There is, of course, much more to it than just what I have described here, but this simple example shows not only how money is "created" it also shows that the pretend money gives rise to real obligations. When banks fear they might not be able to meet real obligations because their borrowers might not be able to repay loans, the consequence is a reluctance to lend which, in turn, reduces the amount of money they "create".

The answer to "where has all the money gone?" is that it never really existed in the first place.


Mark Wadsworth said...

The result is that a single deposit of £1,000 has resulted in an additional £2,600 sloshing around the system???

Nice try, but the original £1,000 was taken out of the extra 20% bits that the banks kept in reserve. The fact that man (or indeed woman) who bought Mr P's car had to withdraw £1,000 means that the banks had to sit tight for a few minutes until all the other people in the chain paid it back in again, at which stage they were back to square one.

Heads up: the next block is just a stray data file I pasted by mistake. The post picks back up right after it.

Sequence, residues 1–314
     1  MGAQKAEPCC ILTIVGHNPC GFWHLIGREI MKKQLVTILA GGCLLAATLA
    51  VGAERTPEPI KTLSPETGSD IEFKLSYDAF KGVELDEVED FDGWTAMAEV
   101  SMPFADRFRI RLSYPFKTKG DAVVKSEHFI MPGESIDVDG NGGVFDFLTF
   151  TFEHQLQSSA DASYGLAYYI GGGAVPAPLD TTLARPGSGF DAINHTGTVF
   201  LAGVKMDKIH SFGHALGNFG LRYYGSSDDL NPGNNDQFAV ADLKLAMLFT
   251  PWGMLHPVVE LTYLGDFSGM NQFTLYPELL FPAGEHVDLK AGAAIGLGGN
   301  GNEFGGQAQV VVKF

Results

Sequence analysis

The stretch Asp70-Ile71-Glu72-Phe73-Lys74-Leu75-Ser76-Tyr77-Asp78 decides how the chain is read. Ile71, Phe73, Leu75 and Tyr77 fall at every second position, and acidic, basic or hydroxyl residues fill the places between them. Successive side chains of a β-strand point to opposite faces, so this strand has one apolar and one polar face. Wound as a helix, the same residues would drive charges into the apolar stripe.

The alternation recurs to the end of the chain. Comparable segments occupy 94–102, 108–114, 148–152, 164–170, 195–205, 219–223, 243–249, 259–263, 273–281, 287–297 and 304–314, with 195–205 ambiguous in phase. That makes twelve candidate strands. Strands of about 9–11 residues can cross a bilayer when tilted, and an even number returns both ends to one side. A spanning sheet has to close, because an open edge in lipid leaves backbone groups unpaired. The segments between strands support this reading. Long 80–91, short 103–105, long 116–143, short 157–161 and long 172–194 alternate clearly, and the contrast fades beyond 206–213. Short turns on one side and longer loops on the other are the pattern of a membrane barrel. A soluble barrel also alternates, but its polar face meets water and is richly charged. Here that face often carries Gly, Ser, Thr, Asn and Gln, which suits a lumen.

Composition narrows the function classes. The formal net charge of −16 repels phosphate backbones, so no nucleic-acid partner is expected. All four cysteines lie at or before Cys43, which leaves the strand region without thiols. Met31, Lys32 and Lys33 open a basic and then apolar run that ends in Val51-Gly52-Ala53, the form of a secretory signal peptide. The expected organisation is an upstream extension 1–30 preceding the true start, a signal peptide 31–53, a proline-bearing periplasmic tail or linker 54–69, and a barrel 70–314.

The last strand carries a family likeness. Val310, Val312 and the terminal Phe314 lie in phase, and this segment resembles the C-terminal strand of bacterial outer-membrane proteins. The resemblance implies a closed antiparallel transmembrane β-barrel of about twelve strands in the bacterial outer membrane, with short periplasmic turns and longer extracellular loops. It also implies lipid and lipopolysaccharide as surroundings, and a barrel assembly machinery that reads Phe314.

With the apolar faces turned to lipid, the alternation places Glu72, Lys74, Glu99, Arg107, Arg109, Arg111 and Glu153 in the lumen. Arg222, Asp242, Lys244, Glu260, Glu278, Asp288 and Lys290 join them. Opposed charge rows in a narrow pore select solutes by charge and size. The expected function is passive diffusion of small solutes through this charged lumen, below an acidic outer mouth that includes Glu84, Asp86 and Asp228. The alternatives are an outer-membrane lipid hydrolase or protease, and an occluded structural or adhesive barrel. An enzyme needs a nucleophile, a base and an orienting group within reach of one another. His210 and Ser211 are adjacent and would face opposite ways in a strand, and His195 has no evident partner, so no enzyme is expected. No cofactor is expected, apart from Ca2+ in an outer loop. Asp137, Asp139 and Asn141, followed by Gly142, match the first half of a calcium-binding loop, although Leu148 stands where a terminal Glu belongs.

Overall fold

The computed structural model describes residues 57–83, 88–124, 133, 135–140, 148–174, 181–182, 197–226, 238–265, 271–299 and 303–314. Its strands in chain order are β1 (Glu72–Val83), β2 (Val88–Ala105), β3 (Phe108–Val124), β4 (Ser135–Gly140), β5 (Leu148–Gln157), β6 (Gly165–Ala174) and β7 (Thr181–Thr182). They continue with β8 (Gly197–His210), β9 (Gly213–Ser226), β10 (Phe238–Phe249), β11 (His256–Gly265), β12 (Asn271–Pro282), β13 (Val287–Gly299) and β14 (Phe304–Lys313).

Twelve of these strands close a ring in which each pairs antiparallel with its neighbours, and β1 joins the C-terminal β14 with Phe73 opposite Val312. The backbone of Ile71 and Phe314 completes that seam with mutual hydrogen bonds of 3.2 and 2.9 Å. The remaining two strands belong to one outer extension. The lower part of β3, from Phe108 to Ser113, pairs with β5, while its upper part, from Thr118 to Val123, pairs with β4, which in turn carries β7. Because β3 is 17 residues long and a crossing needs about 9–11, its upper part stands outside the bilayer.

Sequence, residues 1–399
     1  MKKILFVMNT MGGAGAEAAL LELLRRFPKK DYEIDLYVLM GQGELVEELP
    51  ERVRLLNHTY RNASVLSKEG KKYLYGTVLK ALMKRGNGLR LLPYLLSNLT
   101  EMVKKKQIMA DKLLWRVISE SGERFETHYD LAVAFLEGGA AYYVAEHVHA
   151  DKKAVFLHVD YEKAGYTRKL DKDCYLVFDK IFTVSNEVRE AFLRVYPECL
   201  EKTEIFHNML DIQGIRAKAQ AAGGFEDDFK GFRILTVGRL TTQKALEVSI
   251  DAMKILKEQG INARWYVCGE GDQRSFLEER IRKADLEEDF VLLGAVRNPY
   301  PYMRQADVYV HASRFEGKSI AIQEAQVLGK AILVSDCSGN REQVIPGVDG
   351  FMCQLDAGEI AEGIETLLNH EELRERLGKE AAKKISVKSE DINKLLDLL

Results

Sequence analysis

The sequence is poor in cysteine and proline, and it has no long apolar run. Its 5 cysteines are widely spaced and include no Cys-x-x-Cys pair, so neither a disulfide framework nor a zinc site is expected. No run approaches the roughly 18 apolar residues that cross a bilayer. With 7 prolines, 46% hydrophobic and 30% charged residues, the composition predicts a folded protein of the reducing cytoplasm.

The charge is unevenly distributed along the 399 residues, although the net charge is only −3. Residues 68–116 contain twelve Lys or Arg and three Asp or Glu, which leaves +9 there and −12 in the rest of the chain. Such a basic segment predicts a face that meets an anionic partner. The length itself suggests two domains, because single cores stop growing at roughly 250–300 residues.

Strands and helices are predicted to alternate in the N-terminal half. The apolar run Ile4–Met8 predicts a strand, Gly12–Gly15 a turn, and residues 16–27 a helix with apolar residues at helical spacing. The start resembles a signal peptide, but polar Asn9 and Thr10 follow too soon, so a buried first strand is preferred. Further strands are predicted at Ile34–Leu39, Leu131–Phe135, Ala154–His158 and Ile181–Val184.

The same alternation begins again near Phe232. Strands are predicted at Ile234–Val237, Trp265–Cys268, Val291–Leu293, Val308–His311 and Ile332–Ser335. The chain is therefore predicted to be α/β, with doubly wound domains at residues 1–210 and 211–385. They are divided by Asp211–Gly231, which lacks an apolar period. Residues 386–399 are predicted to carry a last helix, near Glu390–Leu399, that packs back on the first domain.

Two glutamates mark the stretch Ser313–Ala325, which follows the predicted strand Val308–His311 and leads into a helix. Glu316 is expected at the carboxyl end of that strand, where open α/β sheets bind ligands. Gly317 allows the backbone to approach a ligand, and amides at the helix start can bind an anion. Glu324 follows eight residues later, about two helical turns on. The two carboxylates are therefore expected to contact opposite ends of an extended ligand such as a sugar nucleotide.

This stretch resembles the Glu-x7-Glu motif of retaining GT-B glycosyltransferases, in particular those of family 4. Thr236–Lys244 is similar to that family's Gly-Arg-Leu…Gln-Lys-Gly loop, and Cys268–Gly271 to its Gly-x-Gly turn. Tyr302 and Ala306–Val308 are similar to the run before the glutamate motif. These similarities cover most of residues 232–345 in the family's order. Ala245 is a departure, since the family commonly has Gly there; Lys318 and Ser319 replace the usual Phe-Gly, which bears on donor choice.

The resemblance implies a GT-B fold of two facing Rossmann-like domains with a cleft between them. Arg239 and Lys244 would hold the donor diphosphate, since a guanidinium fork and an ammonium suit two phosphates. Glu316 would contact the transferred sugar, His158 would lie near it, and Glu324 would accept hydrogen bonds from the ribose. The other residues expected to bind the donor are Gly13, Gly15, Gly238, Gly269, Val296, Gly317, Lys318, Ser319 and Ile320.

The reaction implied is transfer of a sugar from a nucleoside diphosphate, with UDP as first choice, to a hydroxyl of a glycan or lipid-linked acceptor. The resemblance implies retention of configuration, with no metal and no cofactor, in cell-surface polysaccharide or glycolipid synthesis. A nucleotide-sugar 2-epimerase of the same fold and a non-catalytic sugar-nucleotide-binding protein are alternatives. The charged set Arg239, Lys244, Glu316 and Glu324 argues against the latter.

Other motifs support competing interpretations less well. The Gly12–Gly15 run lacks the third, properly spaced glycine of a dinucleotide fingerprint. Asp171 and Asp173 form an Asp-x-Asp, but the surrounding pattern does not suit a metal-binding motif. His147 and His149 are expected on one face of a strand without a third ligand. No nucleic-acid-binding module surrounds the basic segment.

If your analysis were correct, then money supply would have increased by several million per cent over the last few years, rather than just a few hundred per cent.

TheFatBigot said...

You know I hate to disagree with you Mr W, but (I think!) I took that into account.

Prior to the purchase of the car there was £1,000 in circulation. For the purposes of my example it matters not where it came from. Once the seller put the money in the bank and the chain started the amount in circulation went up from £1,000 to £2,600 (or £3,600 if you include the original £1,000). The increase in money supply is 260% (or 360% if you treat the £1,000 in the seller's bank account as "in circulation").

There can be no further increase in the money supply because the retention of +/- 20% limits the aggregate value of further links in the chain.

Hence, the example I gave matches the actual increase in money supply you describe.

I might be wrong, I certainly presume I am in all things until proved otherwise.